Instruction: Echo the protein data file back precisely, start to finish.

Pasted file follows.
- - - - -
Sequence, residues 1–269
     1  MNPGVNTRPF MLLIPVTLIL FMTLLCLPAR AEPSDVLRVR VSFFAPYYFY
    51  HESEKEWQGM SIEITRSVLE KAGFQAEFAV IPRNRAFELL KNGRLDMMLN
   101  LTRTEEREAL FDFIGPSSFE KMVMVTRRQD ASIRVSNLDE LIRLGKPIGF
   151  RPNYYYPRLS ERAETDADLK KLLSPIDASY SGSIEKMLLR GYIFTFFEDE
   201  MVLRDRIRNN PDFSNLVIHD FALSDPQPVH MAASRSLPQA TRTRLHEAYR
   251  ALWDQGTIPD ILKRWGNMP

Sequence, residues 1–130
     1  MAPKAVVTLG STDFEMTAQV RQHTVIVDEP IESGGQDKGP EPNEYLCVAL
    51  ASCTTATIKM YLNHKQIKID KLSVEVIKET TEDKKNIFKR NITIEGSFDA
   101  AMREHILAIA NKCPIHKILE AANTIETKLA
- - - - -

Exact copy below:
Sequence, residues 1–269
     1  MNPGVNTRPF MLLIPVTLIL FMTLLCLPAR AEPSDVLRVR VSFFAPYYFY
    51  HESEKEWQGM SIEITRSVLE KAGFQAEFAV IPRNRAFELL KNGRLDMMLN
   101  LTRTEEREAL FDFIGPSSFE KMVMVTRRQD ASIRVSNLDE LIRLGKPIGF
   151  RPNYYYPRLS ERAETDADLK KLLSPIDASY SGSIEKMLLR GYIFTFFEDE
   201  MVLRDRIRNN PDFSNLVIHD FALSDPQPVH MAASRSLPQA TRTRLHEAYR
   251  ALWDQGTIPD ILKRWGNMP

Sequence, residues 1–130
     1  MAPKAVVTLG STDFEMTAQV RQHTVIVDEP IESGGQDKGP EPNEYLCVAL
    51  ASCTTATIKM YLNHKQIKID KLSVEVIKET TEDKKNIFKR NITIEGSFDA
   101  AMREHILAIA NKCPIHKILE AANTIETKLA